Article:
Addressing the inactivity in the case against the Bank, plaintiff's counsel explains that he had pursued the case during the period between October 1984 and March 1985, but that he did not direct any activity toward the Bank during this period because his primary concern at that point was whether the City would be a defendant and that issue was not resolved until March 13, 1985. Counsel also noted that plaintiff Pyle had shown interest in pursuing the case by calling counsel for status reports. Counsel admits that the reason for his inactivity on Pyle's case from March 13, 1985 to July 1985 was his campaign for re-election as County Attorney and, following the election on May 28, 1985, his duty to attend two weeks of National Guard Summer Camp in June 1985. Counsel is a sole practitioner.


In July 1985, after filing a response to the Bank's motion to dismiss, plaintiff's counsel began arranging depositions and took depositions of three bank employees on August 26, 1985. Counsel provided a list of these activities to the district court in a motion to set aside the September 23 dismissal order. The district court denied the motion to set aside the dismissal. Plaintiff then appealed to this court, arguing that the district court abused its discretion in dismissing the case for failure to prosecute.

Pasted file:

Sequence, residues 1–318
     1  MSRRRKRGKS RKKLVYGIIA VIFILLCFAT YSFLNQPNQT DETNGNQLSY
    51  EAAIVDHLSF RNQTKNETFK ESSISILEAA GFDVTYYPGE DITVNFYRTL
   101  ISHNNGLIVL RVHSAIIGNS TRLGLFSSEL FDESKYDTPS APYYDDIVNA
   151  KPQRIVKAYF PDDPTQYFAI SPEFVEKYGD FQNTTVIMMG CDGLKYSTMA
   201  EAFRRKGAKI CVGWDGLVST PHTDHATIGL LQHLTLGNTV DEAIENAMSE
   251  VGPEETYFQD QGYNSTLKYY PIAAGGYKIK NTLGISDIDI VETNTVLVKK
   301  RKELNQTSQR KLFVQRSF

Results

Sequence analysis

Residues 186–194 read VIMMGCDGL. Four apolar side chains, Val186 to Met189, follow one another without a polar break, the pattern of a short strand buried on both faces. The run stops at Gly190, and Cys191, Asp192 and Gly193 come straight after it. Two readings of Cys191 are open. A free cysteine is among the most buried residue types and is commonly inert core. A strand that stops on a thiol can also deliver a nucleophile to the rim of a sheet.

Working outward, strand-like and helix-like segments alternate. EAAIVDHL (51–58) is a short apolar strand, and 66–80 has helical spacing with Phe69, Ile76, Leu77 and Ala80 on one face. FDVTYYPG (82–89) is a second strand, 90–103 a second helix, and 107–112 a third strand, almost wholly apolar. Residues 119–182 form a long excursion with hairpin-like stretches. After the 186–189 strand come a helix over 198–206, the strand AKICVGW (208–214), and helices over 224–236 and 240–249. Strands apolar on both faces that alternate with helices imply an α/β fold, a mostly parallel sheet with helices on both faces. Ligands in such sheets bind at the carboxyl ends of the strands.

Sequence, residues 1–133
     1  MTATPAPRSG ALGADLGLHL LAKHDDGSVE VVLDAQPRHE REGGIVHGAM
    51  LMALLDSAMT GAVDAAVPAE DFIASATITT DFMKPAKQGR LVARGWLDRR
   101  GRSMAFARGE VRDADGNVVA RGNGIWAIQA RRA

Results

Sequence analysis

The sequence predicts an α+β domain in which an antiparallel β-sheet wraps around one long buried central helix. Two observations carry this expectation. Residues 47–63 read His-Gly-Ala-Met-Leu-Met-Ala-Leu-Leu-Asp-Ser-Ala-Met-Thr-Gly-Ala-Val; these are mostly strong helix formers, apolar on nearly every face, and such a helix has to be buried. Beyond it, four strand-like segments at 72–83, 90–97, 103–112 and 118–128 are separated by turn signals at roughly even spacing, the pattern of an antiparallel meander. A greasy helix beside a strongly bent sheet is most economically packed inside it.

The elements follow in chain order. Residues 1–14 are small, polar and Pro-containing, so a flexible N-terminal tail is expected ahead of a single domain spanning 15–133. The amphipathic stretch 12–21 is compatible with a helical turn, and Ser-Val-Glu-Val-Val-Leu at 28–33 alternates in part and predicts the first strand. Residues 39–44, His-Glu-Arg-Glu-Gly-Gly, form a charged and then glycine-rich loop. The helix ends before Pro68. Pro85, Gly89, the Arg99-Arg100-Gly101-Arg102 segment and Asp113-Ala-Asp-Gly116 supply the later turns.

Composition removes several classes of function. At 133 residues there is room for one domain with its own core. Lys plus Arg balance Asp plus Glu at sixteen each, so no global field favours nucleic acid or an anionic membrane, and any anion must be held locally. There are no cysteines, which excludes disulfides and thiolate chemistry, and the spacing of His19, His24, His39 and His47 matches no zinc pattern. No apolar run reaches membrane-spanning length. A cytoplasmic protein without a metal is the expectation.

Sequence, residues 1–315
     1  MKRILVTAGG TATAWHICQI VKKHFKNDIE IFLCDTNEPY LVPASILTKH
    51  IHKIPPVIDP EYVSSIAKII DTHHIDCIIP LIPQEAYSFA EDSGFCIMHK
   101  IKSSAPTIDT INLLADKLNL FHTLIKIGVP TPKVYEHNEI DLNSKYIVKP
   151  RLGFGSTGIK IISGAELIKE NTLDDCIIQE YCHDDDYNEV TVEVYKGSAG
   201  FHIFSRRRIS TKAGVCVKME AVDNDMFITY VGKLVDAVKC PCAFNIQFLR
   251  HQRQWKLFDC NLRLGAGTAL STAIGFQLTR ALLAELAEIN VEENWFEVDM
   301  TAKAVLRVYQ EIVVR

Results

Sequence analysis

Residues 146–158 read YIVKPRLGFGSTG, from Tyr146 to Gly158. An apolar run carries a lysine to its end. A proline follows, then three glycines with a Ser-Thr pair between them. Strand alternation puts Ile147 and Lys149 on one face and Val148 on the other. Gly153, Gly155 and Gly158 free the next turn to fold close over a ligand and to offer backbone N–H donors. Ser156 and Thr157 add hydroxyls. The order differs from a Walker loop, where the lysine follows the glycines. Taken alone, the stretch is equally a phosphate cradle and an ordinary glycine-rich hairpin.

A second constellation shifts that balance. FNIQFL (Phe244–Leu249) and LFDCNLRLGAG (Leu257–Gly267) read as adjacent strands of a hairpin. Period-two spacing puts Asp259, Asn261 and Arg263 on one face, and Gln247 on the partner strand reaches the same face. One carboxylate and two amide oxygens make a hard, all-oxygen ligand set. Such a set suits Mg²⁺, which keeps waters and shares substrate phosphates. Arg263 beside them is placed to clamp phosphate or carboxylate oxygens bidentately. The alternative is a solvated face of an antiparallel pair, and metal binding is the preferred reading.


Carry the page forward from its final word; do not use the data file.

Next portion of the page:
The leading Sixth Circuit case on this issue is Carter v. City of Memphis, 636 F.2d 159 (6th Cir.1980), in which the court asserted that dismissal under Rule 41(b) is "a harsh sanction which the court should order only in extreme situations showing 'a clear record of delay or contumacious conduct by the plaintiff.' ... Absent this showing, an order of dismissal is an abuse of discretion...." Id. at 161 (citations omitted). See also Bishop v. Cross, 790 F.2d 38, 39 (6th Cir.1986); Patterson v. Township of Grand Blanc, 760 F.2d 686, 688 (6th Cir.1985) (this sanction "extremely harsh in that it deprives a plaintiff of his day in court due to the inept actions of his counsel"). The Carter court also noted that "dismissal is appropriate only if ... no alternative sanction would protect the integrity of pretrial procedures." 636 F.2d at 161. In determining that the district court abused its discretion in dismissing the case, the Carter court offered the following reasons: (1) the plaintiff was blameless, (2) the plaintiff's attorney did file some papers indicating his prosecution of the case, (3) the defendant was not prejudiced, and (4) the defendant's attorney seemed equally dilatory. Id.